This is a story about big business vs. small.
I am a small-business owner of a roll-your-own (RYO) store in Seattle. Along with 64 other operators across Washington, I pay state sales, employment and B&O taxes. Together, we employ 250 people in communities that need our jobs, and we purchase local goods and services that contribute to keeping this struggling economy pressing forward.
In the past few weeks, there has been a great deal of press regarding our businesses in this state. The state wants to “reclassify” our stores as cigarette manufacturers (currently we offer pipe tobacco, tubes and machine rental); in effect, this will create an opportunity for new state tax revenue.
This debate boils down to market share and profits. If these laws are passed, classifying our businesses as cigarette manufacturers will make them untenable.
At the state level, much of the criticism has been made of “tax avoidance” by our customers and a missed opportunity for tax collection from the stores. This means more than adding an additional $20 state tax stamp to all of our smokes.
The state wants to require that we purchase cigarette tobacco from a single, state-approved vendor at three times our current cost. According to court documents, the state Department of Revenue and the Liquor Control Board estimate that they are losing between $32,000 and $150,000 per day in cigarette taxes from our stores. Those departments maintain that “consumers ... are currently simply evading the tax.”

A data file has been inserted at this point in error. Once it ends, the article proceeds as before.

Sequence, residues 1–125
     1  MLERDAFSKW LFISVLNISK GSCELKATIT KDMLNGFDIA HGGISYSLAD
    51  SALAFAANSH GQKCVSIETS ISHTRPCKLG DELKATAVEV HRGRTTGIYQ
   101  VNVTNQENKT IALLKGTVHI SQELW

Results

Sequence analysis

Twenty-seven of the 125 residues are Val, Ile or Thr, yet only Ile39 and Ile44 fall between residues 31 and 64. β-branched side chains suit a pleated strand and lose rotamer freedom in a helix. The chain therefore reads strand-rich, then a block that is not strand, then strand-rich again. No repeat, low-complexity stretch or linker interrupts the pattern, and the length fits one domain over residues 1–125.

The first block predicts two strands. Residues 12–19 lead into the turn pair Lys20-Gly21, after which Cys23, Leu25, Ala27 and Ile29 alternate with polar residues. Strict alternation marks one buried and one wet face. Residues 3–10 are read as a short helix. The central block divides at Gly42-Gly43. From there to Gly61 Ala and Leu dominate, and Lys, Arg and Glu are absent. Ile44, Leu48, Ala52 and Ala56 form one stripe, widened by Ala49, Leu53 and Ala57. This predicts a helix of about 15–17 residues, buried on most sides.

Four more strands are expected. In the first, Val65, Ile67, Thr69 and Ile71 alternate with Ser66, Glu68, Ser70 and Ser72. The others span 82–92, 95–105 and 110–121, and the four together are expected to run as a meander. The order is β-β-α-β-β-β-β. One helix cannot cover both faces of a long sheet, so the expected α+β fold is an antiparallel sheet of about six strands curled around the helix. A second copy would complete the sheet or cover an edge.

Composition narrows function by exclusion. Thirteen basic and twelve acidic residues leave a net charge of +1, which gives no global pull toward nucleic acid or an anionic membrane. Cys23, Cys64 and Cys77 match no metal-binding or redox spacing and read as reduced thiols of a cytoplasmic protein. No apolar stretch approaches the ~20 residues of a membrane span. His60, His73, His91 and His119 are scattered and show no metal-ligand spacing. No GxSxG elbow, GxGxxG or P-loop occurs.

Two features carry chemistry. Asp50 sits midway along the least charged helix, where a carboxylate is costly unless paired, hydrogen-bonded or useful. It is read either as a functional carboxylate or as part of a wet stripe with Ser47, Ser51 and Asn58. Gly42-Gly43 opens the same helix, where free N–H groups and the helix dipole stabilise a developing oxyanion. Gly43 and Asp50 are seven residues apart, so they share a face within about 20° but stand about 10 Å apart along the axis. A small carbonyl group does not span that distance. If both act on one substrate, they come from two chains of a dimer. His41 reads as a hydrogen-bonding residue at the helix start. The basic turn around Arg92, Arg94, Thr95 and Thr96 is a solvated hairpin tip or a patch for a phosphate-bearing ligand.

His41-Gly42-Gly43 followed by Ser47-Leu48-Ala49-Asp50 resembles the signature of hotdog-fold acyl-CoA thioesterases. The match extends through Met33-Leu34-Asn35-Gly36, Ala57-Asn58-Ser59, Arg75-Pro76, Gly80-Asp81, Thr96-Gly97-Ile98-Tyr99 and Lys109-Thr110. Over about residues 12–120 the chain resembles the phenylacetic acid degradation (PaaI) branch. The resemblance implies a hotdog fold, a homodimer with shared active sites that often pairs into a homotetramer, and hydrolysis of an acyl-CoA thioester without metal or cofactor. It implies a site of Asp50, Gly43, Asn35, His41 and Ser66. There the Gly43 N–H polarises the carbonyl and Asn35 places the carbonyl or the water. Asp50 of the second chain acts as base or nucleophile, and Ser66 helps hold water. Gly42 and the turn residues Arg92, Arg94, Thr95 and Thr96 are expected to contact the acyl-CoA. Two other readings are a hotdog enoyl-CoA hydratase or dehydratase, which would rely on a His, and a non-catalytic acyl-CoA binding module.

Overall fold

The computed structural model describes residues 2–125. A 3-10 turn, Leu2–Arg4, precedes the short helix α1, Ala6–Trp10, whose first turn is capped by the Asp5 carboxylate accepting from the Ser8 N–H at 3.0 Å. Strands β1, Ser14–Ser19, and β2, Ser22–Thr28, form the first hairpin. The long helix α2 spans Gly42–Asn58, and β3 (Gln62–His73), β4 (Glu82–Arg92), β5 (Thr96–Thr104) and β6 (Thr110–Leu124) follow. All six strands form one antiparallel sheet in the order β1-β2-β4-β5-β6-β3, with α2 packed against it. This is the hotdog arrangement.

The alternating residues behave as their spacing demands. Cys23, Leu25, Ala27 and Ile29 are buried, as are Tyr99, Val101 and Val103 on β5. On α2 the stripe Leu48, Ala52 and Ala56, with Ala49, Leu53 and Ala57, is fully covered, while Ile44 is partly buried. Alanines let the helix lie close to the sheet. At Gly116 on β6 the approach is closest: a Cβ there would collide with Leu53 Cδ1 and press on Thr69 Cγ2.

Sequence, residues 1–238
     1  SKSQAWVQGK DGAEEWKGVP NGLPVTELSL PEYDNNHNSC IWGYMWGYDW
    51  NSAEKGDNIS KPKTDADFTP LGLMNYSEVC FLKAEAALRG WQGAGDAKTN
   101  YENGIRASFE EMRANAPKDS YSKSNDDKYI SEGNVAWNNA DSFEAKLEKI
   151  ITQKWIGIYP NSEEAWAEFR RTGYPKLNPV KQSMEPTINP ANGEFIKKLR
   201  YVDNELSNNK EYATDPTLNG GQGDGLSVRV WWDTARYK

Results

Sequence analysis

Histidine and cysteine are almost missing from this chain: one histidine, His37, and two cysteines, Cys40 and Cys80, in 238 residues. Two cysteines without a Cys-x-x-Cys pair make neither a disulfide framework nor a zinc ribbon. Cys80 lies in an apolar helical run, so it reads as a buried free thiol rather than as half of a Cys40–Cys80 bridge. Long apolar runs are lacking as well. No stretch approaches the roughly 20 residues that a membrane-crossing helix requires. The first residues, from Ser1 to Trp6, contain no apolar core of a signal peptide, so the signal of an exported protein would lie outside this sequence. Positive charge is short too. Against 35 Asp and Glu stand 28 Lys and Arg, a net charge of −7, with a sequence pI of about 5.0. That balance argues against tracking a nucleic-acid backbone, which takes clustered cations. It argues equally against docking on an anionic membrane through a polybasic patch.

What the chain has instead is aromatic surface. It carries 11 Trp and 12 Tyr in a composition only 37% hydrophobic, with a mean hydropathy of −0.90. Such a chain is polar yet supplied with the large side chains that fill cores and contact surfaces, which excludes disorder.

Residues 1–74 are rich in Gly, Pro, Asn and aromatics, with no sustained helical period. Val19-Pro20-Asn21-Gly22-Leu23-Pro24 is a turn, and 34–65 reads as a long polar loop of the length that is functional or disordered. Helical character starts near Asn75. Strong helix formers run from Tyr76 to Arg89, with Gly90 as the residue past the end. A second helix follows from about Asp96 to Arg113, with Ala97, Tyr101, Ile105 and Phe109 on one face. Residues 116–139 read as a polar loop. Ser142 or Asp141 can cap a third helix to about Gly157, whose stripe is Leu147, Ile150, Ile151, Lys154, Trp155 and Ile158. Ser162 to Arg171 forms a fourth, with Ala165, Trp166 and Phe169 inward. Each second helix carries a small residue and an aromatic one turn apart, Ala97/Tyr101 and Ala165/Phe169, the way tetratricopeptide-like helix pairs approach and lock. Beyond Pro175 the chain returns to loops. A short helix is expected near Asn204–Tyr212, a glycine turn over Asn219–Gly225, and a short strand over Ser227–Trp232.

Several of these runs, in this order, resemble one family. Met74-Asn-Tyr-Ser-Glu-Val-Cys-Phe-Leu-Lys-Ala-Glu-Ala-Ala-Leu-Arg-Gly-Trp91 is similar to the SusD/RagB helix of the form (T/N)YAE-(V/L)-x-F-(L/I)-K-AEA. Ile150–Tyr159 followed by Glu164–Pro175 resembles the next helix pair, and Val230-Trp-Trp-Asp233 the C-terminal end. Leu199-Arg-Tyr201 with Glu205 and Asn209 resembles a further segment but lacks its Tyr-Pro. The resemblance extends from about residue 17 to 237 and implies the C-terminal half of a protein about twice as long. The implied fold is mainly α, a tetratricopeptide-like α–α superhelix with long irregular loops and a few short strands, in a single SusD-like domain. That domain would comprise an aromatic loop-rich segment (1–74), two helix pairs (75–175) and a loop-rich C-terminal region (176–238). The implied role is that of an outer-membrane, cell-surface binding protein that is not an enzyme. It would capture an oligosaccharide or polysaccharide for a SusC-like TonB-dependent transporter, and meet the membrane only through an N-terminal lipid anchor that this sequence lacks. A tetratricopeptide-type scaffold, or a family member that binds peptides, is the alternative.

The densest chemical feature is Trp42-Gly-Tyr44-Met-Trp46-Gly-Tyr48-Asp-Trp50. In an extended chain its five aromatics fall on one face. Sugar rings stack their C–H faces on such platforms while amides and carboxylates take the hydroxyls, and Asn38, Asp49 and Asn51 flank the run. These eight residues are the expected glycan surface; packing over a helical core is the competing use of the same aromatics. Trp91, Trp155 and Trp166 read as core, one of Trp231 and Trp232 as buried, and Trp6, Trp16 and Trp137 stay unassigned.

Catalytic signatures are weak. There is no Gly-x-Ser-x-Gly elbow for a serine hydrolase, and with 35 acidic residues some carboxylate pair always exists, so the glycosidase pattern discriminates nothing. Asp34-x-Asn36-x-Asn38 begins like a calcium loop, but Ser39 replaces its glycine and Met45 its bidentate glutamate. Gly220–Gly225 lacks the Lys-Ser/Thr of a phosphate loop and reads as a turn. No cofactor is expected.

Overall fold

Will the state collect additional revenue? No. The stores will close, and Washington state will lose taxes that the RYO stores have been paying and force our employees to file for unemployment.
At the federal level, Section 100122 of the Highway Bill is an arbitrary and immediate reclassification of small retail tobacco shops. This provision for RYO stores to become “cigarette manufacturers” will force all 1,200 businesses – which have more than 10,000 employees nationwide – to close indefinitely.
It was inserted into the bill by Republican U.S. Rep. Eric Cantor, House majority leader from Virginia, home of powerhouse tobacco and cigarette producer, Phillip Morris. The anti-RYO provision in a bill that will assuredly be signed is no coincidence.
RYO stores have steadily grown in the past two years; we’ve gained new customers who want to make their own smokes and we’ve increased locations across the country. We threaten the market share and profits of Big Tobacco, even though we will never be able to compete (and we don’t want to) with their powerful manufacturers and lobbyists.
What will happen, if President Barack Obama does not issue a “signing statement” on this portion of the bill, will ultimately send thousands to the unemployment lines. This is not going to be a tax bonanza, but rather a drain on already stretched state budgets across the U.S.
While we can all argue about taxes, and who is and who is not paying their fair share, at the very core of this issue is the threat from RYO stores and market share shrinkage for Big Tobacco. If these misguided changes are made against our small businesses, many more of us will lose than win.Paul Gruman owns Tobacco Joe’s Rainier in Seattle.